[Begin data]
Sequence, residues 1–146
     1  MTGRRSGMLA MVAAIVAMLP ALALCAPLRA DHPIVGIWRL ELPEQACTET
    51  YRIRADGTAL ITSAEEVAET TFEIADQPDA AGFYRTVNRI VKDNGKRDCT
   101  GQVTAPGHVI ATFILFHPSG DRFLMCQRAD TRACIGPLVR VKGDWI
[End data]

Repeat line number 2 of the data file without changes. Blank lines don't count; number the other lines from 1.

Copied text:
     1  MTGRRSGMLA MVAAIVAMLP ALALCAPLRA DHPIVGIWRL ELPEQACTET